Shlenker PreK-3 teachers have an exciting way to teach math to young children!
The Numbers Plus Preschool Mathematics Curriculum is a set of small and large group early childhood mathematics activities, with ideas for extending learning throughout the program day. Adults use math every day and so do young children, even when we don’t realize it. We know math includes adding and subtracting, but did you realize children are doing math when they put together puzzles, select matching socks, separate the raisins from the Cheerios, and ask who is older or taller?
Aligned with the standards of the National Council of Teachers of Mathematics (NCTM), Numbers Plus is divided into five content areas: number sense and operations, geometry, measurement, algebra, and data analysis. Each activity has a built-in progression so children of different developmental and ability levels can participate together and have a positive and meaningful learning experience. By actively engaging young children with materials and ideas, Numbers Plus builds on the latest knowledge from research and practice about early mathematics learning and how adults support it. Shlenker’s elementary math curriculum is also based on the NCTM standards, so students will have a seamless transition as they move into Kindergarten.
Teachers report a new level of depth related to problem-solving, reasoning, and questioning. We will be expanding the Numbers Plus curriculum into PreK-4 in the fall.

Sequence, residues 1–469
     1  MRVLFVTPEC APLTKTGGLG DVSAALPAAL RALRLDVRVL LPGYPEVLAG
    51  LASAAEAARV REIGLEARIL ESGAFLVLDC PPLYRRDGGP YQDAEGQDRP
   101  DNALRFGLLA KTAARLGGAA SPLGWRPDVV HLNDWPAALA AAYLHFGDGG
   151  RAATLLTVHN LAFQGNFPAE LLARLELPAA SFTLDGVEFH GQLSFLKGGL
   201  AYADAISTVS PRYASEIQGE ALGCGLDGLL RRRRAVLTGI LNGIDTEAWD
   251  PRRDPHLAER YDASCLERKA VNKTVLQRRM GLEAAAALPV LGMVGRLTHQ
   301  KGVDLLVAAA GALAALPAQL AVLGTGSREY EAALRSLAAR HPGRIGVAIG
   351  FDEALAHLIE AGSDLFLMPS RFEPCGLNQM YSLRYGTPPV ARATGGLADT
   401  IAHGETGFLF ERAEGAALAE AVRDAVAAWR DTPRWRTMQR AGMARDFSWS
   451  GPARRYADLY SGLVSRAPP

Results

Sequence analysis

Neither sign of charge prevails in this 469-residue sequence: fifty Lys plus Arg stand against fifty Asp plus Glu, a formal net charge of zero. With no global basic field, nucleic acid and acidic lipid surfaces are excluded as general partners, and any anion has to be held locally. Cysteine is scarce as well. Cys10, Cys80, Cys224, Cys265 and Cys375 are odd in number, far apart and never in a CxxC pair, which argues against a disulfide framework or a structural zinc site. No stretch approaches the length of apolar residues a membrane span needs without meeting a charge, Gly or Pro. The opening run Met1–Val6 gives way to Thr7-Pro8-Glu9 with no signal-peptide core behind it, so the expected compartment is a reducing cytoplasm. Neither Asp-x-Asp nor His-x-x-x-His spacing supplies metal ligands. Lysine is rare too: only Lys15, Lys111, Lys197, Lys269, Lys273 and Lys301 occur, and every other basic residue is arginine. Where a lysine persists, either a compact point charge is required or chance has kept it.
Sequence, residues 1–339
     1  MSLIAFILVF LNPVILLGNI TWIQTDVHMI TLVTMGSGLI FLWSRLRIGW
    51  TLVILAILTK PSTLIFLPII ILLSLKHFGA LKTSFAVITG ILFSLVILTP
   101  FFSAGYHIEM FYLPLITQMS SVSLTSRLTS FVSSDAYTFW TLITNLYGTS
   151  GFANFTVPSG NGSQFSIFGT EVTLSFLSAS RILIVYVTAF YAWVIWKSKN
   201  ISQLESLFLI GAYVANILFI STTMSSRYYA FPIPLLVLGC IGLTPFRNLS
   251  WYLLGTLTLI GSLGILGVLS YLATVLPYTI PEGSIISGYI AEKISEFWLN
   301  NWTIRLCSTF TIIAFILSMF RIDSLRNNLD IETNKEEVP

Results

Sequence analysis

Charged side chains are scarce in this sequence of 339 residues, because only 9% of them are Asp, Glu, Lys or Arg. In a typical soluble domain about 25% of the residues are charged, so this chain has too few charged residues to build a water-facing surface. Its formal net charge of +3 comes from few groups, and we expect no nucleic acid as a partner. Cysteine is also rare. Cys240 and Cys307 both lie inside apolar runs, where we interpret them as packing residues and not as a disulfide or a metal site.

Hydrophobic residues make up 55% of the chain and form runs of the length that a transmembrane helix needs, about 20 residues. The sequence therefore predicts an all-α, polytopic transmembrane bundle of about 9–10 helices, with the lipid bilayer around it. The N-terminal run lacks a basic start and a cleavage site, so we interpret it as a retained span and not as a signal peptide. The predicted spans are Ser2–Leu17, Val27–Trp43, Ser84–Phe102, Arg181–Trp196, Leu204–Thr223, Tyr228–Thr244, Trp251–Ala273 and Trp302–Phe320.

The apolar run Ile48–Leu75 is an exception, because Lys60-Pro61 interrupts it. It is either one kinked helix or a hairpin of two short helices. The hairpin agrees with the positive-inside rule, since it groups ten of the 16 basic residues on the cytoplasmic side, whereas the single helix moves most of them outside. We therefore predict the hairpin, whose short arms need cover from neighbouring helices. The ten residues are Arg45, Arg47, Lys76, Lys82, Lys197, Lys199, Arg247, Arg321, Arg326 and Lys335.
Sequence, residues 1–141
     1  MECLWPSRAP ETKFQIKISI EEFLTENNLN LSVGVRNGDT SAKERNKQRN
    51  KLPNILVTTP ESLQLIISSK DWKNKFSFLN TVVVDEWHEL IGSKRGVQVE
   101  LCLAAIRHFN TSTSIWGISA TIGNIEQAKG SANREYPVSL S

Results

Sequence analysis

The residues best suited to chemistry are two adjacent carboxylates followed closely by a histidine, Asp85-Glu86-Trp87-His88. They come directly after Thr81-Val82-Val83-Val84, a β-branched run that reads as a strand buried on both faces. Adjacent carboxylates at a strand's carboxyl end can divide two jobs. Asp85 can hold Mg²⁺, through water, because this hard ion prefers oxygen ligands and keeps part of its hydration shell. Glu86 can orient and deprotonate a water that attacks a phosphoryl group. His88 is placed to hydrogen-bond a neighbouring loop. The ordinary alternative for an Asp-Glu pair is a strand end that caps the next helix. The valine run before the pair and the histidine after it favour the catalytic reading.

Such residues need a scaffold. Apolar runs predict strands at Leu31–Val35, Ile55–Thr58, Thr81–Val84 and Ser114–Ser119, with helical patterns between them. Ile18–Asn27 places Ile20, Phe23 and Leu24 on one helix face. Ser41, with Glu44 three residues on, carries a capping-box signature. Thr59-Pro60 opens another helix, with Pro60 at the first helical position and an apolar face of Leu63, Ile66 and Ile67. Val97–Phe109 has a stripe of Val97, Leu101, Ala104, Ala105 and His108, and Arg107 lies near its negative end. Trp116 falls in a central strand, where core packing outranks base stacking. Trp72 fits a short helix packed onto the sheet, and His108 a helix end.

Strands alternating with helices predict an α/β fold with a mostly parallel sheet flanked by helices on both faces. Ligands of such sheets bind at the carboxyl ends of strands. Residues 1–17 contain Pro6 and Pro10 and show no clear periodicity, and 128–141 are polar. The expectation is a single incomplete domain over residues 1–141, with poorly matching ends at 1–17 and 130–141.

Throughout the year, I lead a d’var Torah with the elementary students. During the spring, when the weekly Torah portions fell in Leviticus, we began discussing holiness. We defined “holy” as something that is special and connected to God. We continued by asking questions: How does giving something away (a sacrifice) bring us closer to God? What are some holy actions? What is holy to the Jewish people?
Here at Shlenker, we have many answers to these questions. Our students are quick to answer that helping people is holy, that treating each other kindly is holy, and taking care of the earth is holy. They also know what is holy to the Jewish people: our Torah, Shabbat, our holidays, each other.
The students’ answers mirror our core values. The holy actions of which they speak reflect character and building community; taking care of the earth is tikkun olam. Treating each other kindly is a result of knowing that we are created b’tzelem elohim, in God’s image; celebrating our holy days is an essential aspect of our faith. Uniting all of these facets of holiness, though, is the understanding that we are all K’lal Yisrael, the Jewish family, and that we experience holiness through a particular Jewish lens.
During YomHashoah, our older students were privileged to hear Ruth Steinfeld, who survived the Holocaust as a hidden child in France, tell the story of her life. After hearing her speak, one fourth grader wrote to Ms. Steinfeld: “I hope you tell every Jew in the world so that they never forget what happened.” Another wrote: “I know it’s extremely important to my kids and the next generation to come to remember what happened at that horrible time.” Still another wrote: “One thing I learned in life matters very much, and that [is that] remembering is holy.” For our students, being a part of Jewish history and K’lal Yisrael is holy.
Just eight days later, we celebrated Yom Ha’atzma’ut, Israel Independence Day. Throughout the school, we wore blue and white, we sang Hatikvah, we learned about Eretz Yisrael Hayafah (beautiful Israel), and rejoiced, once again, in our deep connection to our land, our history, and our people.
Celebrating each of these events together as a member of K’lal Yisrael, the Jewish family, is a delight and a privilege. The experiences become far more than simple calendar dates. These days are truly “holy days” because they connect us to God.